Chrome has really come a very long way since I first started using it a few years ago. Not only has it become the world's second most used browser, but it's really redefined how I do my work at a fundamental level. During a typical work day, I rarely find myself having to go outside of Chrome to get my work done. I create, edit, and share documents and spreadsheets with co-workers, organize my daily to-do lists, conduct and manage research, videoconference and chat with colleagues and partners, listen and respond to voicemail, and much more – all from within Chrome. I don't even have a desk phone here at Google. Seriously. I just don't need one.

What has made all this possible is that Chrome, in all its forms – along with the Web itself – has become an extremely powerful platform. The underlying technologies like HTML5, the V8 engine, Native Client (NaCl), etc. have enabled apps that just a few years ago (heck, even a few months ago) weren't possible. You even write Chrome extensions and applications using the same HTML5 and JavaScript that you would use to create a site, and they just work across OSes. All you need to do is visit the Chrome Web Store to see what the result has been – there's been a veritable explosion of creativity in the kinds of things you can now use a browser for.

2. The short ship cycle has become a very virtuous one

I have to admit that a few years ago I was initially skeptical of the whole 6-week release cycle and auto-update policy that Chrome follows, but seeing it in action has erased all of my doubts.

The short development cycle enables new technologies to be introduced and integrated in a way that is predictable and usable for developers, starting with the Canary build, then the dev channel, then into the stable build. Developers can try these features out, get them integrated into their apps, and get those new features into the hands of users faster than ever before, thanks to the auto-update.

These apps can then use real-time analytics and performance measuring feedback to help developers fine-tune their code and find and fix errors faster than ever before, as well as deliver new features with a higher precision of knowledge of how they'll actually be used. This results in far more stable, consistent, and feature-rich applications for customers, and the cycle then repeats.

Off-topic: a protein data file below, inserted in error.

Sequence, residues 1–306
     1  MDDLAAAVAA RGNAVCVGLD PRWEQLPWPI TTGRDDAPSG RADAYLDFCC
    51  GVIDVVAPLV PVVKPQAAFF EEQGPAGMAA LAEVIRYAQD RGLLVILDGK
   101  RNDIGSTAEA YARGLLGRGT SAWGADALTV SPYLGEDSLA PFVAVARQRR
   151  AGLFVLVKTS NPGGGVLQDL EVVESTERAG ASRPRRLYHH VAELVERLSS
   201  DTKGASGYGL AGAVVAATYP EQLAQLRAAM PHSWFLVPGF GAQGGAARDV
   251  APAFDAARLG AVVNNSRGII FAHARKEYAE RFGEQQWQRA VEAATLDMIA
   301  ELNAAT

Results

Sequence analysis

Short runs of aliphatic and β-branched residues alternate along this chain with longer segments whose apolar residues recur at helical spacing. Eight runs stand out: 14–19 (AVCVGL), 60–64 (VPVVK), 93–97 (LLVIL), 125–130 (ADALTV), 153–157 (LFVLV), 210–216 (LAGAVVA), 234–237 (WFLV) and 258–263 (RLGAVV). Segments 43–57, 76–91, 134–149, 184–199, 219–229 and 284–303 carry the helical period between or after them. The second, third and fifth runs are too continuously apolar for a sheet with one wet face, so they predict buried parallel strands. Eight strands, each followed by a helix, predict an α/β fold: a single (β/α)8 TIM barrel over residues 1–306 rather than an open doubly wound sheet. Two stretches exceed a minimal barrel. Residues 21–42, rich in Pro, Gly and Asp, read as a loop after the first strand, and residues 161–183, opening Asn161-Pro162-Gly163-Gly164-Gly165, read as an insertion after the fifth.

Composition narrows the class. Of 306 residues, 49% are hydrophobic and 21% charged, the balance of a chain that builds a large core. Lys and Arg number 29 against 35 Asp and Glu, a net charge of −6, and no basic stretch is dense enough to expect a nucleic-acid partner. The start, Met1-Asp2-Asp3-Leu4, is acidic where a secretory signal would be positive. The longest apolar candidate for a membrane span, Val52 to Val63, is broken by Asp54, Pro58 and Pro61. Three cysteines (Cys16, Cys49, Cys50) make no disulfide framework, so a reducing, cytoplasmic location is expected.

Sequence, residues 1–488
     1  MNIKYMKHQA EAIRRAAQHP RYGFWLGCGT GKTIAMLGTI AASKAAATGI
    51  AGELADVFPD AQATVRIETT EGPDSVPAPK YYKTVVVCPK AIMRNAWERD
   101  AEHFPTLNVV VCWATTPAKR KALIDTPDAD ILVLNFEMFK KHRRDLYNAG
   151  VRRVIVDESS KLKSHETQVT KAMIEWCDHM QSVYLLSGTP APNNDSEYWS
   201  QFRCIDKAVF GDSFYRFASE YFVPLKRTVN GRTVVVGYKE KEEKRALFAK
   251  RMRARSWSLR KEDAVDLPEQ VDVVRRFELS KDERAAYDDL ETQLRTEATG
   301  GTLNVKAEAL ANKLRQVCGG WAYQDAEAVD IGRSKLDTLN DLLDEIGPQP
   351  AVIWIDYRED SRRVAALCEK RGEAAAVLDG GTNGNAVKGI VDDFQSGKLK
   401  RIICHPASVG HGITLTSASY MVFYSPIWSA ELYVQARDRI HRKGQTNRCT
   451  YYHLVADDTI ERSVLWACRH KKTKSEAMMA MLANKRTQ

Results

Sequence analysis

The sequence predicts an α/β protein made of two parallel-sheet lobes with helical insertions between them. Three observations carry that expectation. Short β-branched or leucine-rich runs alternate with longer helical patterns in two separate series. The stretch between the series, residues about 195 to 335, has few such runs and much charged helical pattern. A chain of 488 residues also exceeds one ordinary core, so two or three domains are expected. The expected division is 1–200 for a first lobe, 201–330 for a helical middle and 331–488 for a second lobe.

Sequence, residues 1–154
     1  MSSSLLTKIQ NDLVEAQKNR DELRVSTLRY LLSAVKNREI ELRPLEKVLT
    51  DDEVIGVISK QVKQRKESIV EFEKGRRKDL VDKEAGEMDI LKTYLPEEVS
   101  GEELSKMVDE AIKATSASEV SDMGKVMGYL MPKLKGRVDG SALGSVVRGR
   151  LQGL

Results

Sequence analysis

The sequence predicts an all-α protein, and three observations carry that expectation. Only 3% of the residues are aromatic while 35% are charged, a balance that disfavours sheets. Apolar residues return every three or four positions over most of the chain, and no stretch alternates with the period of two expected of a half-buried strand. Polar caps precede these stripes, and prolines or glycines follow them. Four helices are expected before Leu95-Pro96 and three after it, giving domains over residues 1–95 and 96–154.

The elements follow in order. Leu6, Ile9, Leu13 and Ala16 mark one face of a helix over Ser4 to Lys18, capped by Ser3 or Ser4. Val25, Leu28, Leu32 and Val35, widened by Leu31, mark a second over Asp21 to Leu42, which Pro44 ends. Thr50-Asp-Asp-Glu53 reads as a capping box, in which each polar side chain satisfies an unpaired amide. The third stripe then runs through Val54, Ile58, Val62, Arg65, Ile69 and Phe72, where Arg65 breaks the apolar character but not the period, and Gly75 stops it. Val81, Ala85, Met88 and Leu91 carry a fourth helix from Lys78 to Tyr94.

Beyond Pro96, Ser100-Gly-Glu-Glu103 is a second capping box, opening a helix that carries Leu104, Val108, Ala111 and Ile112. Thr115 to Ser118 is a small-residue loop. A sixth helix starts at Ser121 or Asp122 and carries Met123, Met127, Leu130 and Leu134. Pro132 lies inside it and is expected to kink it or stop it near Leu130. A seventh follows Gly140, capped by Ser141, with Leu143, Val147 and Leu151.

When I first started working as a software engineer 20 years ago (wow!) on shrink-wrapped packaged software, products and update patches were delivered on floppies directly to end users, who (hopefully) manually installed them. Some did, some didn't, so you never had a good idea how consistent your product codebase was out in the wild. It was also a huge bottleneck on getting updates out to customers – since shipping floppies (and later CDs) was expensive, you needed to gather as many updates as you could into a batch before sending them out to minimize costs.

Short ship cycles, along with auto-update and distribution over the Web, have largely eliminated these kinds of bottlenecks. The amount of time lapse between the introduction of new features into Chrome and when they get into users' hands has been greatly compressed.

3. Web developers are true developers in every sense of the word

I was one of the original Dreamweaver developers at Macromedia back in the 90s, and back in the early days of the Web I began to notice that the term “developers” got applied to people who used “real” languages like C, C++ and Java. Coders that used other languages, like JavaScript and VBScript were derisively referred to as “script kiddies” - in other words, people who made cute little animations  like image rollovers and did form validation logic, but not much else.

Fast forward to today, and I don't hear that term used much anymore. There are many reasons for this, but some of the big ones in my estimation are:

  1. The sheer scale of what is now possible in a modern Web application requires a lot of traditional engineering discipline knowledge and computer science theory,
  2. JavaScript itself has come a long way since its humble beginnings, and even though there are still some shortcomings, it has evolved into a very powerful language,
  3. Scripting languages have been embraced by industry titans like Google who have created some pretty impressive apps.
As a result, JavaScript developers are demanding many of the same tools and platform capabilities that more traditional developers have had for many years now. Chrome strives to provide these developers with the tools and platform they need to build the next and future generations of Web apps.

The last three months here at Google have been absolutely exhilarating – it's great to see the excitement around Chrome, Web apps, and the Web store. In the short time I've ben here so far, I've been amazed at the level of effort the Chrome team puts out to create a world-class browser and platform. I feel honored and privileged to be part of such a great team, and I'm really looking forward to helping Chrome move the web forward and redefining what's possible with Web applications.

Wednesday, February 8, 2012

New Year, New Job, New Blog

Now that we've passed both the Western and Chinese Lunar New Years, I thought it would be a good idea to establish a new place for me to talk about the things I'm doing here at Google. I hope you find the information I talk about here useful, and please feel free to send me feedback and ideas for further discussion. Welcome!